Gore --2 (ugly, media master)

Since only Fred owns a pick-up truck, it would be unfair to rate the others on this scale.

Mindsteps said...

There is a social psychological finding that is at least thirty-years old and continues to garner research support. With some exceptions, people tend to perceive an individual as more credible when that individual argues a point that appears contrary to his or her interest (e.g. A Pepsi Cola salesperson praising the qualities of Coca Cola). This phenomenon seems to be a rare occurence amongst our politicians and their pundits.

hdhouse said...

hi Timmy....does "hammering out the issues" go to the "Which of you believe in evolution"?

Now that is some issue isn't it. Can we have a show of hands on a flat earth? 3rd law of thermodynamics? "Did God trick us with those fake fossils"?

Ohhhhh I love it when republicans get to the meat of things don't you?

you guys would be scary if....hey wait a minute...you guys are scary.

stepskipper said...

Good. Let the hate flow through you.

paul a'barge said...

No, Kristol wants to think that the Republican race is better because there are real differences on the Republican side.

I would agree with him. Wouldn't you agree that DHIMMIcRATs are
1. devoid of ideas
2. devoid of ideology
3. lusters after power for power's sake

Simon said...

hdhouse said...
"[D]oes 'hammering out the issues' go to the 'Which of you believe in evolution' [question]? ... Can we have a show of hands on a flat earth? 3rd law of thermodynamics?"

I think that would have been an awesome pair of follow-up questions.

John Stodder said...

To use nautical metaphors:

The Democrats are like a ship without a sail.

The Republicans are like a ship without a rudder.

The Democrats know where they're going, but have no energy.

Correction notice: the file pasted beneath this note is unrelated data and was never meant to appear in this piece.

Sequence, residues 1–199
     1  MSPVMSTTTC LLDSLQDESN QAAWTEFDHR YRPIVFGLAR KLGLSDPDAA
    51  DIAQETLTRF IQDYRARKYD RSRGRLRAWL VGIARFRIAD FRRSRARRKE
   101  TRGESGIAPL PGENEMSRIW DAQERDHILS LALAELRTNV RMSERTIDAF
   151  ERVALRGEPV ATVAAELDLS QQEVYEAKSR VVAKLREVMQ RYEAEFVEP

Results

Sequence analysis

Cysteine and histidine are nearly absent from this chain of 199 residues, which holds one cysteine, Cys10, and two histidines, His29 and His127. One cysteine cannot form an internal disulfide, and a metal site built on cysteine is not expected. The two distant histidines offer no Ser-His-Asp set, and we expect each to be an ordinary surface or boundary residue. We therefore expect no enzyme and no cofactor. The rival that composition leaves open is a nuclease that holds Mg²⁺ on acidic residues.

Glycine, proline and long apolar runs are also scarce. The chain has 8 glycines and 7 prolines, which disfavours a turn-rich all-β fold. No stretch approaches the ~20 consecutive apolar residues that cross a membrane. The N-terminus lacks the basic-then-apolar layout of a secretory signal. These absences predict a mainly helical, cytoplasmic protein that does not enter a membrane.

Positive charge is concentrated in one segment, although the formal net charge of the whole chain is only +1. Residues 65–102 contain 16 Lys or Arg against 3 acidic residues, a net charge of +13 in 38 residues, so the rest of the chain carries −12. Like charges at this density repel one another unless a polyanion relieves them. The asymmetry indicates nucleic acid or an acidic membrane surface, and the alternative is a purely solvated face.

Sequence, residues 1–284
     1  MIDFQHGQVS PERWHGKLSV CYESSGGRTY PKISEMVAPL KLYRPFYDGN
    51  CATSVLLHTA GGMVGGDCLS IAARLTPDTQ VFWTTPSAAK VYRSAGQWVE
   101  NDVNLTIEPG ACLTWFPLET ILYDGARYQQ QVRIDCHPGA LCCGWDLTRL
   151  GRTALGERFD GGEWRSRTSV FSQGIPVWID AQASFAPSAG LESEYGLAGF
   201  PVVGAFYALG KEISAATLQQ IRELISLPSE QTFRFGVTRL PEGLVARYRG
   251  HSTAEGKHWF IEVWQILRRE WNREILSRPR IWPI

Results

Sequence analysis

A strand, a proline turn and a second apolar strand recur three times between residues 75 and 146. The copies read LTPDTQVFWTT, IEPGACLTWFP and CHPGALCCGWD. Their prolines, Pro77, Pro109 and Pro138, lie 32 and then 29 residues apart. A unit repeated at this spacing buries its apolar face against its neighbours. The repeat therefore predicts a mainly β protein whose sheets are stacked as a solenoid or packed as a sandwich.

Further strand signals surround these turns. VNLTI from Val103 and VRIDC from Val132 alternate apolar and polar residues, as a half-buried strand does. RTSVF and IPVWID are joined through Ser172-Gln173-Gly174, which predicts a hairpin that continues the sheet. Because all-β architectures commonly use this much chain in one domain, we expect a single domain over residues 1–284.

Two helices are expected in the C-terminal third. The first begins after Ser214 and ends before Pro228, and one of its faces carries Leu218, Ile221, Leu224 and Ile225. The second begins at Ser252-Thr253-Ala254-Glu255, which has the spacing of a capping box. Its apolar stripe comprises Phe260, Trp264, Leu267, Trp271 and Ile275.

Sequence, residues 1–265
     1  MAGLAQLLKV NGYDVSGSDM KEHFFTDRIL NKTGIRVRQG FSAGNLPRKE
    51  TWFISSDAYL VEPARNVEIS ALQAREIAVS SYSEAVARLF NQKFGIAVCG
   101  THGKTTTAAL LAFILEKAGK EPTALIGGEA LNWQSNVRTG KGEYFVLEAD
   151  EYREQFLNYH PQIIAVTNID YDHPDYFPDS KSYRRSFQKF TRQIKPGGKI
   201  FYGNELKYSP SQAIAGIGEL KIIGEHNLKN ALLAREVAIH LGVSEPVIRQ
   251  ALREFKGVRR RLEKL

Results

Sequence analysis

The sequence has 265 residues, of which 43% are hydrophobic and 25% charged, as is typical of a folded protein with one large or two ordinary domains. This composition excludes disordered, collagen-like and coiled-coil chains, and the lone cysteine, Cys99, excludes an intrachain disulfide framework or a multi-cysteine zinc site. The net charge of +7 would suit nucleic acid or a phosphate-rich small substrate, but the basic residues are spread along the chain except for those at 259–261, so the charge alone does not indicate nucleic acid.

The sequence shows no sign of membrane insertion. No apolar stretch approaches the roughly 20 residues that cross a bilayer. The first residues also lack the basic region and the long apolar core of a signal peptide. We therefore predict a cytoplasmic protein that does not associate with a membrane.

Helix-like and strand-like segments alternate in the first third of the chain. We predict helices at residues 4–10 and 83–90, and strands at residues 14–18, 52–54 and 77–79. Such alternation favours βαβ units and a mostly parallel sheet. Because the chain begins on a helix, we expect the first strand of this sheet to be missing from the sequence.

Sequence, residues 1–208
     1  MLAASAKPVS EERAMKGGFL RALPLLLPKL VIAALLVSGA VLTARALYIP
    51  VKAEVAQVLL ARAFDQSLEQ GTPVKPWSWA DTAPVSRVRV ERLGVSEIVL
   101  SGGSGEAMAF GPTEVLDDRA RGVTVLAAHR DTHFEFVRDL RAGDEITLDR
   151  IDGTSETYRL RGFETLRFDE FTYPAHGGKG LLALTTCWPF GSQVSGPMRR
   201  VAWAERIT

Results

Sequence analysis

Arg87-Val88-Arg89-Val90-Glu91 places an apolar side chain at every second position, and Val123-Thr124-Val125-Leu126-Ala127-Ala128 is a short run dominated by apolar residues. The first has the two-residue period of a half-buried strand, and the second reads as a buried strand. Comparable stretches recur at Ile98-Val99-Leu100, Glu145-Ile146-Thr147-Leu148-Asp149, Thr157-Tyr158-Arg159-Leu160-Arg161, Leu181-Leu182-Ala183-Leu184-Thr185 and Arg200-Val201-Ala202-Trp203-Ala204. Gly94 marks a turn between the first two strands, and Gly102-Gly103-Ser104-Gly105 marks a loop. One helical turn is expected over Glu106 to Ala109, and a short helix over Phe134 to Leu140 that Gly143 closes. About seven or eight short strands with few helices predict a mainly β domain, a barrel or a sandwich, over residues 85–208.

The Republicans at the mercy of events beyond their control.

John Stodder said...

With some exceptions, people tend to perceive an individual as more credible when that individual argues a point that appears contrary to his or her interest (e.g. A Pepsi Cola salesperson praising the qualities of Coca Cola).

This is true, and prompts a thought:

First, an opinion: One of the stupidest, but most intractable public policy mistakes of the past 40 years has been the ever-accelerating, ever-more-futile "war on drugs." It's costly, it's cruel, it's ineffective, and it puts billions in the hands of the worst people in the world -- including Al Queda.

Which of the candidates is most likely to address this issue honestly and seek reforms? Hillary? Obama? Edwards? Like all Democrats in the past two decades, they'll probably try to overcome perceived vulnerabilities on this issue by trying to look even tougher. Romney? Forget it. McCain? I don't see it.

The "Nixon to China" in this race would be Guiliani, the tough prosecutor, calling for a change in drug policy -- making the law enforcement case for decriminalization.

He has to get nominated first. This is not a priority for Republican primary voters, to say the least. If independents could vote in the primaries, it would be a different story.